Los Angeles Lakers Road Trip Experience: Pau Gasol Silences Boston Celtics Fans

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Los Angeles Lakers Road Trip Experience: Pau Gasol Silences Boston Celtics Fans
Doug Pensinger/Getty Images

The Los Angeles Lakers Road Trip Experience is a four-part mini-blog documenting my journey to the East Coast to follow the Lakers. This is part-journalism, part-fanhood.

My journey will take me from Philadelphia to Boston, New York and Toronto. This is Part 2 of 4 which documents the Lakers' 88-87 overtime victory against the Boston Celtics at the TD Garden.

The Boston Celtics and the Los Angeles Lakers are two teams with similar histories of undeniable success that are headed in pretty much the same direction right now.

After collectively winning three championships in the late 2000s, both teams are old, battered, and have limitations that will make it very difficult for them to win NBA titles this season. 

That being said, both combatants are elite defensive ball clubs who must rely on strength and physicality if they want to go deep in the playoffs. 

That's exactly what I witnessed Thursday night: a defensive struggle that was won in overtime by athletic plays in the paint by Andrew Bynum and Pau Gasol.

After a tough loss in Philadelphia, the Lakers bounced back big time in Bean Town.

Boston had treated me well in the last few days. I went to Conor Larkin's bar near Northeastern University on Wednesday night and found out from one of the bartenders that the Lakers were staying at the Four Seasons Hotel near the Boston Commons. 

As enticing as it was to go check out the hotel and perhaps see a few of the Lakers players on Thursday morning, I opted to just go to the game.

It was getting closer to game time and I took the Green Line train toward North Station. The TD Garden is literally located on top of the train station, one of the more unique attributes for a basketball arena. 

On the train, I noticed a few Celtics fans giving me dirty looks because of my Lakers garb and I started thinking to myself what I was going to get myself into. 

Fans waiting at North Station to enter the TD Garden, which is located directly above the train station.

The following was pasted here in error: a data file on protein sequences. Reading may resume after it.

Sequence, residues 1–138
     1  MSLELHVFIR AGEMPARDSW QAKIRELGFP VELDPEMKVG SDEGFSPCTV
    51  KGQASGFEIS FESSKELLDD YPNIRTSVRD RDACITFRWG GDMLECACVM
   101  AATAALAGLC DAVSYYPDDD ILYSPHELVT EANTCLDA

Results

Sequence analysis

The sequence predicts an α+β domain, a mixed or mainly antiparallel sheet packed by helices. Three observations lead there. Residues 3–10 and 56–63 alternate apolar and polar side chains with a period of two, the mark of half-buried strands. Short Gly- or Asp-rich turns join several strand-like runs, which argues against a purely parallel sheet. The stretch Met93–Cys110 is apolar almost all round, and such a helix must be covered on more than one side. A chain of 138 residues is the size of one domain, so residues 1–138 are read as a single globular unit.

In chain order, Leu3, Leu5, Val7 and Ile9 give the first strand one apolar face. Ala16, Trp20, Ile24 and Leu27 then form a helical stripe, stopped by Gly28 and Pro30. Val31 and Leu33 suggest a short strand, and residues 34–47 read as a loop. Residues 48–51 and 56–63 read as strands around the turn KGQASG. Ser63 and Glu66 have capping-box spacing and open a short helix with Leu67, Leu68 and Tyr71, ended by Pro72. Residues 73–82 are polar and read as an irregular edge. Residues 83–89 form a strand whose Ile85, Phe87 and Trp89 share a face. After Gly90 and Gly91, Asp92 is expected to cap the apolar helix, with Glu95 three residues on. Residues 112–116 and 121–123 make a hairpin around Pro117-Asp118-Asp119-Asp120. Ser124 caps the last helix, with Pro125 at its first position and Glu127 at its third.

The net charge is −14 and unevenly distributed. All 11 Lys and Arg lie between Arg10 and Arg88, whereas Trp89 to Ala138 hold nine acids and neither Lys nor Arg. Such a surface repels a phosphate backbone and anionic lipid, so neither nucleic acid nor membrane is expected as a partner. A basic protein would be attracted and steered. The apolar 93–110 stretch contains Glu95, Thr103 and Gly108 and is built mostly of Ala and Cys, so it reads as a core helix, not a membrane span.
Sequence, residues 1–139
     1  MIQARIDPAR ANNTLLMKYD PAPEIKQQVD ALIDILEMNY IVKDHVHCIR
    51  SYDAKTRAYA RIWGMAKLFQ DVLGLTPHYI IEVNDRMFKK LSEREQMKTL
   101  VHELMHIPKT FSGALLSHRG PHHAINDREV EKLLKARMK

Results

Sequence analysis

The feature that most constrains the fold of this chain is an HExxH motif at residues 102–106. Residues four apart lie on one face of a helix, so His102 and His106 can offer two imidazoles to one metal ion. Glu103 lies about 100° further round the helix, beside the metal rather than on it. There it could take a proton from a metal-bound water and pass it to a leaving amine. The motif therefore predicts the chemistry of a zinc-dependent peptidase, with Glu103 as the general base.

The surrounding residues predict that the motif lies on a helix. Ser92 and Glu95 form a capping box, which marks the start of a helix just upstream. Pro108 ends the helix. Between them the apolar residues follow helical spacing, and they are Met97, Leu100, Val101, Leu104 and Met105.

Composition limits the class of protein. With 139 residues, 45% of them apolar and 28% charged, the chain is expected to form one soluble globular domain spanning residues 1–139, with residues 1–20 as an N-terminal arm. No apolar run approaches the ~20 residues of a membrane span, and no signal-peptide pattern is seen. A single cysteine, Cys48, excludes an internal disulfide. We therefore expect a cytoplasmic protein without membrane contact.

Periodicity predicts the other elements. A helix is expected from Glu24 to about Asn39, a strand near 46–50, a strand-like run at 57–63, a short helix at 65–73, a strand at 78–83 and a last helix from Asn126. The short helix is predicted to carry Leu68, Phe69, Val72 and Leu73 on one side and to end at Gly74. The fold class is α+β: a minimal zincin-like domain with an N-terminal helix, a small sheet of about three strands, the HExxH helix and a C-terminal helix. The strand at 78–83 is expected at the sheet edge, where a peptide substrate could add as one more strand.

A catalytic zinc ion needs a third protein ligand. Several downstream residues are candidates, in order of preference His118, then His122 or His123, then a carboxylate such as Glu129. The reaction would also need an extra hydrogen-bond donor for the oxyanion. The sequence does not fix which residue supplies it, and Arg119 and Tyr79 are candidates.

As I exited the Subway train, I noticed numerous scalpers wandering around and trying to make a profit on one of the biggest games of the season. However, because both teams aren't as good as they once were, the demand for these tickets had diminished a bit.

I spoke to a scalper, who declined to be videotaped with an angry Bostonian accent. He said, "This isn't a typical Celtics-Lakers market. I'm not selling these tickets for as much as I was last season or the year before."

However, this didn't mean that the game lacked any excitement. 

There was a playoff-like buzz when the game started at 8:00, but Boston fans started giving me a hard time well before that with their constant demeaning remarks toward the Lakers. After last night, it could easily be said that Bostonians are among the best trash-talkers in the country.

Among all of the harsh words the Lakers received from Celtic Nation, the best one was from a fan sitting behind me who would shout "No means no" to Kobe Bryant every time he shot a free throw, referring to the 2003 sexual assault allegations. 

Later on in the game he shouted, "Hello, room service, I'd like a girl who doesn't say no."

Harsh.

Celtics superfans like these made life miserable for the Lakers and their fans.

As the game commenced, there was a Rob Gronkowski sighting in the second quarter on the jumbotron. Surprisingly, he was cheered heavily even after he was spotted boozing with teammates after the Super Bowl defeat.

Like the Lakers-Sixers game on Monday, this game was close throughout. No team had a double-digit lead and this made for an exciting finish. 

Mike Brown drawing up a play.

During halftime, I went to get some food and I was astonished by some of the prices.

Absolutely unreal. $14.50 for beer, a tiny hot dog and chips. I'll pass.

The second half is when the game got really tense.

However, this fan helped alleviate some of that tension with his unbelievable dance moves during breaks in the action.

As the game went into the fourth quarter, the Garden started getting louder. Let the video do the talking. It is difficult to see, but this was Pau Gasol's game-tying shot in the fourth quarter.

The following video is the final sequence of the game when Gasol swatted the ball away to secure a Lakers victory.

The atmosphere at the Garden was unreal as the Lakers defeated the Celtics for the fourth consecutive year. 

Laker fans giving out hugs, celebrating the victory.

One of the few things I've noticed on this trip is the togetherness of Lakers fans during road games.

Which leads me to ask an interesting question: 

Are two people really strangers if they share a common love for a team?

I interacted with many people I did not know throughout the game. They were people of different races, backgrounds and religions. We'd have conversations ranging from topics from games of Lakers past to the team's current point-guard situation. 

Road games connect fans to a greater extent. I've been to plenty of games at the Staples Center, but there is rarely any interaction with any of the fans. 

On the road though, it's constant fist-bumping, conversations and interactions with Lakers fans. 

After the game, while walking back to my hotel on Boston's cobblestone sidewalks, a midnight jogger spotted my Bryant jersey and excitedly made a remark about the game.

"Awesome finish, huh?"

I replied, "Yeah, unbelievable."

That brief encounter resonated loudly for me. We were 2,500 miles away from Los Angeles, yet we connected instantly because of a bond we have for a basketball team. 

Now that's special. 

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